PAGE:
- Mandating direct Federal Aviation Administration (FAA) approval of manufacturers’ engineers acting on behalf of the FAA, the Organization Designation Authorization (ODA) unit members, and rescission of additional FAA authority to allow self-certification
- Assigns FAA safety advisors whose role will be to communicate with and monitor ODA unit member compliance involved in the certification of large commercial airplanes and their engines
- Require new National Transportation Safety Board (NTSB) safety recommendations on flight automation, pilot response, and safety management systems for aircraft manufacturers
- Establish whistleblower protections and fortify channels for reporting safety problems during the certification process
- Eliminate industry-friendly panels and roll back performance incentives that do not prioritize safety in the aircraft certification process as a first and foremost goal
- Build FAA technical capacity to address advanced technology (like automation in the cockpit) through a new Center for Excellence for flight automation and human factors; continuing education and training for inspectors and engineers on new technology; and increased funding for scientific and technical advisors
- Essentially, this bill will give Boeing and other aircraft manufacturers less influence in the aircraft certification process. This bill will provide the FAA with more room to select its own trusted safety personnel over company employees- one of the biggest concerns for aviation safety advocates in the wake of the 737 MAX crisis.
- Reforming the ODA program: The Organization Designation Authorization (ODA) is a program within the FAA. Through this program, the FAA grants the designee authority to organizations or companies. These people will then have a role when it comes to issuing certificates for new aircraft, or else any sort of testing or examinations in issuing certificates on behalf of the FAA Administrator. These ODA holders are private persons not directly employed by the safety organization. While there is some oversight in the program, this bill enhances the FAA’s role in the program.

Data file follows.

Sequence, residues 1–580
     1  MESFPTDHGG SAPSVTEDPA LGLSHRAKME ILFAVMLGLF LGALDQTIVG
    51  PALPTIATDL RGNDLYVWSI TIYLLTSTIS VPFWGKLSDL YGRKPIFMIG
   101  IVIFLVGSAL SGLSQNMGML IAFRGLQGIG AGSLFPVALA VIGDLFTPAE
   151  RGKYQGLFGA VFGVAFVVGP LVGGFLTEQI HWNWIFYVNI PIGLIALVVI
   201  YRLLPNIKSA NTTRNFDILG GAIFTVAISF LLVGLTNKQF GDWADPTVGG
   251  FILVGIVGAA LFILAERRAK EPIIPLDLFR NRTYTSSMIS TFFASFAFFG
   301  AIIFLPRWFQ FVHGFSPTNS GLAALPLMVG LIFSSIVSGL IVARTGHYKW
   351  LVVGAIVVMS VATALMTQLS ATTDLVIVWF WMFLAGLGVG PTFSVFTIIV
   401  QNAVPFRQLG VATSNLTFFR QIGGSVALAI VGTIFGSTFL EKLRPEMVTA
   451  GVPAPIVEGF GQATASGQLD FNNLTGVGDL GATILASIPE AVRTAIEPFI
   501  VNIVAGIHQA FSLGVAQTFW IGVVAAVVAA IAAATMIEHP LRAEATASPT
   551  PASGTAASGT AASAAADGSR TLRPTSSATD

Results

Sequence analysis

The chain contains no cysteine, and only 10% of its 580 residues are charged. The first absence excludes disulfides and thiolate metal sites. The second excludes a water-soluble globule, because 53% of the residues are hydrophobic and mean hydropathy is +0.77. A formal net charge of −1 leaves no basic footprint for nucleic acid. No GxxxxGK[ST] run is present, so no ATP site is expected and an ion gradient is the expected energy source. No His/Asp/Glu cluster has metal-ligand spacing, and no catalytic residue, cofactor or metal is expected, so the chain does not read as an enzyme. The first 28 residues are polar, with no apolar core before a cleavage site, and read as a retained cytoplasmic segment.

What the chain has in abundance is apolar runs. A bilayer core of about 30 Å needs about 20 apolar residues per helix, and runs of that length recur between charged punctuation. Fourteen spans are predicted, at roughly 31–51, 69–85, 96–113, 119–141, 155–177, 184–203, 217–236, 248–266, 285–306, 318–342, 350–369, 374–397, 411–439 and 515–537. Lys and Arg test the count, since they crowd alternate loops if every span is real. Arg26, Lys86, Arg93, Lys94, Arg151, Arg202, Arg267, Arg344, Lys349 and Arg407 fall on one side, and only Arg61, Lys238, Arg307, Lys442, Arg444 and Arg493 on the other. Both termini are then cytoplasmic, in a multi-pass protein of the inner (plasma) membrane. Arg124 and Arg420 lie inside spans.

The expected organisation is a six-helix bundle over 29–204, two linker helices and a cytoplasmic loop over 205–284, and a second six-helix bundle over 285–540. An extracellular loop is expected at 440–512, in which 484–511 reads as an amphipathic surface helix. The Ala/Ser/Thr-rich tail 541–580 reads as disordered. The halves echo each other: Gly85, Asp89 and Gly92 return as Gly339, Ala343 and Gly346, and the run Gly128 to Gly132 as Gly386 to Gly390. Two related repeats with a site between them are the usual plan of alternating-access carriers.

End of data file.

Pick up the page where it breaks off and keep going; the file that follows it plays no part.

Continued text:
- Protecting whistleblowers: Back in 2016, some of Boeing’s staff discussed concerns with the 737 MAX via instant messaging. However, those concerns did not make it to the FAA and did not impede the aircraft’s certification program. Now, the bill would give whistleblowers some additional protections. The goal is to give employees concerned about the safety of a plane type additional channels and protections for reporting those concerns. Whistleblower protections will, in theory, provide more people protection from retribution for raising aircraft safety concerns.
- Studying new technology: Aircraft technology is changing. Over the last few decades, automation in the cockpit has increased in more ways than one. As technology evolves, this bill will give the FAA a chance to devote more time to studying those automation systems and developing safety guidelines for them.
Over the last year, in the wake of the 737 MAX crisis, the US government has been considering ways to reform the aviation safety process. Today, a bill has been presented to the US senate known as the “Aircraft Safety and Certification Reform Act of 2020.” Here’s what you need to know about the act.
In short, the bill will address the following issues:
Will this bill go into effect?
The bill has been introduced, but it will take some time before it takes effect. Other members of the federal government will likely have some concerns or changes they want to see to the legislation. Then, there will be the matter of approval from the President, any potential legal challenges, and the FAA’s implementation. So, there is no guarantee that this bill will go into effect, for now.
Nevertheless, this is a good step forward. Aviation has gotten safer over the last few decades, but also more technologically sophisticated. Now, the FAA will need to start getting acquainted with new technologies and be able to ensure that all passengers can step onboard an aircraft and know it is safe to fly.